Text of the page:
Monday, December 28, 2015

Review of Brasslands

I've been meaning to watch this for ages, as compensation for deciding not to go to the Guca festival itself (Ruth decidedly lukewarm, and the idea of trying to take trains to the migrant crisis frontline somehow seems both unkind and potential uncomfortable).

Watching the film I feel better about the decision. Guca looks like a pissed-up version of the nastiest English funfair you can imagine, with lots of beer tents, burger vans and hog roasts, only with a huge arena and main stage for some of the best music on the planet. Serbian culture, at least as represented here, is not all that attractive to an outsider – it’s about ethnic nationalism, Orthodox religion, and the consumption of vast quantities of pork and booze. There are pictures of saints and military heroes, including Radovan Karadzic. Not much sign of Yugo-nostalgia, lots of flags with double-headed eagles.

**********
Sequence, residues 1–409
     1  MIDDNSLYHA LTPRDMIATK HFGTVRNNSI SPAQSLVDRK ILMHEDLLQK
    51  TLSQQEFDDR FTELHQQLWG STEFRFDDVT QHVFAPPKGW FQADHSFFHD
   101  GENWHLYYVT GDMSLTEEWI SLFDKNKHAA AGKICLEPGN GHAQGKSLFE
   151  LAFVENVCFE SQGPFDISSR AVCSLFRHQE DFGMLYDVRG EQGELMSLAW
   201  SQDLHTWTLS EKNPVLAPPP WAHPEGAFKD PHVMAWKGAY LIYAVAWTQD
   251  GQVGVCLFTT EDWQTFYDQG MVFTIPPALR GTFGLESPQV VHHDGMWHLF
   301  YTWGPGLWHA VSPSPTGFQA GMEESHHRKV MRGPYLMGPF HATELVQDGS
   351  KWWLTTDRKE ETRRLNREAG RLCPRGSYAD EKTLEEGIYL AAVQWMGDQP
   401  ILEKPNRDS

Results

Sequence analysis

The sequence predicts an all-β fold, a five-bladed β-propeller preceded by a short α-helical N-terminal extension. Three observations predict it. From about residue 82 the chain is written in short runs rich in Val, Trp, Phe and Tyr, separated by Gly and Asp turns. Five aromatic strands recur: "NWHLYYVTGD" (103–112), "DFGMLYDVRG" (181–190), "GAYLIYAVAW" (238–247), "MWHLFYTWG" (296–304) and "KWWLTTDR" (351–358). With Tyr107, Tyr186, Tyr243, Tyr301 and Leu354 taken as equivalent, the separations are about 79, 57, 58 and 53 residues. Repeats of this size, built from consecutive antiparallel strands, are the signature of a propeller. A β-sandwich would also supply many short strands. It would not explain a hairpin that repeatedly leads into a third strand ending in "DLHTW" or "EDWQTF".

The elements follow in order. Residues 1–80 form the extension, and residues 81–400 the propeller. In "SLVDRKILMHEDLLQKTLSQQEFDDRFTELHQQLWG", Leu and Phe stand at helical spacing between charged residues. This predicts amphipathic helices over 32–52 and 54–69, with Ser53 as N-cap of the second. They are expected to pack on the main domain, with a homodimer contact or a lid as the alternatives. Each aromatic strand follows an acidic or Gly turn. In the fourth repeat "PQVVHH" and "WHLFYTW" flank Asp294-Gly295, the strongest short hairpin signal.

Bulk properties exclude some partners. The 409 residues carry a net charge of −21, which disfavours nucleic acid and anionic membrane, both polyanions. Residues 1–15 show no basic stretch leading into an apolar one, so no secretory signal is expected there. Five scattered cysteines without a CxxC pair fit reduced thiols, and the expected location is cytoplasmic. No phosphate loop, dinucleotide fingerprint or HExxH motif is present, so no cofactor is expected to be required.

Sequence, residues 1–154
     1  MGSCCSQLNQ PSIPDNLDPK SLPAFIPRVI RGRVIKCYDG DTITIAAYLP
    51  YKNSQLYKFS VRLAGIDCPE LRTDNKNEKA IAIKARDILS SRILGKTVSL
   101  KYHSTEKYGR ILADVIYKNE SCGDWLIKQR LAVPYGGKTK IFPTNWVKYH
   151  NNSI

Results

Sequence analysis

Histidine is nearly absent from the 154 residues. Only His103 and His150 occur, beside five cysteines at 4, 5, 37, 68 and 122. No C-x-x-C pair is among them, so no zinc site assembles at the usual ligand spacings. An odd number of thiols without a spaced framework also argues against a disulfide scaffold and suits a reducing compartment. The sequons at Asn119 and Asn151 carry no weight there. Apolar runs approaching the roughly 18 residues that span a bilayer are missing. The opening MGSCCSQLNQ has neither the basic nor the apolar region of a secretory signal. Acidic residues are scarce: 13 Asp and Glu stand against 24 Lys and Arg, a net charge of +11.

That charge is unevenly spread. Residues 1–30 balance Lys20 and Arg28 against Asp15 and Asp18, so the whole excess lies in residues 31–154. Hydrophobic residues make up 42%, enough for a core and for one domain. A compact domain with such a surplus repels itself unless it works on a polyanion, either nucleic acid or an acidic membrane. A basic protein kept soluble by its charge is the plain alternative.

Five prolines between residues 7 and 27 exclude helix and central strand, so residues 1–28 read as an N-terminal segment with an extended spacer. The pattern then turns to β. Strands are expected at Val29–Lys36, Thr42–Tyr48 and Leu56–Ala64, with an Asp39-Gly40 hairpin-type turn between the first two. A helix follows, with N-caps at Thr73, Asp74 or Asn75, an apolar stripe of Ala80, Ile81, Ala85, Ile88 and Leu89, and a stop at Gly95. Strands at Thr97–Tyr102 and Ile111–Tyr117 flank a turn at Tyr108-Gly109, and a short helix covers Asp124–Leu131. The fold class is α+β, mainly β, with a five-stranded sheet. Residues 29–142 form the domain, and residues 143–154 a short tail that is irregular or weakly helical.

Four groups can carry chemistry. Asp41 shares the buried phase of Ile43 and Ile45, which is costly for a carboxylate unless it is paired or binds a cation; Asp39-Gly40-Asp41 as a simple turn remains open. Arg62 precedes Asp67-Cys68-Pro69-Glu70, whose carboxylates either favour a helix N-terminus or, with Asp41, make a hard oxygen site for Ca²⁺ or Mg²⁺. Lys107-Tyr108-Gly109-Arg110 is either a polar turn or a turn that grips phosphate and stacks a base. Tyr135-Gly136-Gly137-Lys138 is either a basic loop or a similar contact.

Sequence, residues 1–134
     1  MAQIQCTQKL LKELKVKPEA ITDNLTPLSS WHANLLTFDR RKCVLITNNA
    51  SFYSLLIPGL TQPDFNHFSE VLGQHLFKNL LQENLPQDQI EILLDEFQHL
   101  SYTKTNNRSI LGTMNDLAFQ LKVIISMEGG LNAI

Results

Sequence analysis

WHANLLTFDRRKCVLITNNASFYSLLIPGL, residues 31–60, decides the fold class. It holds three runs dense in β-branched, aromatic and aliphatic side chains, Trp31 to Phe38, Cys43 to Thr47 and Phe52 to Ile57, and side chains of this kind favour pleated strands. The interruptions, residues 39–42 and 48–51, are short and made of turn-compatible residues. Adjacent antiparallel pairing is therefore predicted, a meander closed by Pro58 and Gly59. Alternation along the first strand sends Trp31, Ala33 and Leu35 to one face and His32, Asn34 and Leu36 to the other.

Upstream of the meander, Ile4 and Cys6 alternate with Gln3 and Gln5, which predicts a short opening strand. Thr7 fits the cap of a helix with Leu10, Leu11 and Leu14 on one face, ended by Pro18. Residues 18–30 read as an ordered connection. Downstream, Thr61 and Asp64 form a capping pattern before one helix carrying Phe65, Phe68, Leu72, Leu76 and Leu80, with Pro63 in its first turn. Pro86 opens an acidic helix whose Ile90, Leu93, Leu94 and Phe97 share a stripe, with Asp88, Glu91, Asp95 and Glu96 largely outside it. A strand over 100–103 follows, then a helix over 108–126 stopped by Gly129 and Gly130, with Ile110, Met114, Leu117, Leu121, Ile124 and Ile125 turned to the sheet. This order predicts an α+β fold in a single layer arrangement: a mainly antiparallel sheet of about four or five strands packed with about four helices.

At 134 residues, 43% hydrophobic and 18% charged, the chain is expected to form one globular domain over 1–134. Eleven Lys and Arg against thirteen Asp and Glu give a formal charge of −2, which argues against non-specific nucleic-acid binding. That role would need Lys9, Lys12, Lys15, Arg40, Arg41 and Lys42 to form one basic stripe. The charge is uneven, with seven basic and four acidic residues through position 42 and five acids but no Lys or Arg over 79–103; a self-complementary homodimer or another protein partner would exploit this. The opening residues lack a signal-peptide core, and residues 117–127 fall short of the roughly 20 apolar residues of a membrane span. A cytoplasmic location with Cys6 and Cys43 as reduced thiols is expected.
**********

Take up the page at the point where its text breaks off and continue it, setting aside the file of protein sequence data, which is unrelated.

And yet the music is so, so wonderful – a bit like klezmer but with more dynamic and tonal variation, and with fabulous infectious percussion rhythms. The film follows a New York group that plays Serbian music even though none of them are of Serbian or Slavic extraction – quite a few are obviously Jewish; they are captivated by the music but not unreflective about the culture from which it comes, including the fact they are the only band with women musicians. It also follows two Serbian bands vying for the ‘best band’ prize; these are characterized by the Serbs as a ‘black’ band – meaning it’s from the South and seems to mainly include Roma players, and a ‘white’ band – paler, beefier crop-haired men. There’s a bit of discussion about how the music of the two streams differs. The ‘black’ band also needs to play at the tables of the beer tents for money.

A good, thoughtful music documentary – I'm only sorry there wasn't more concert footage.

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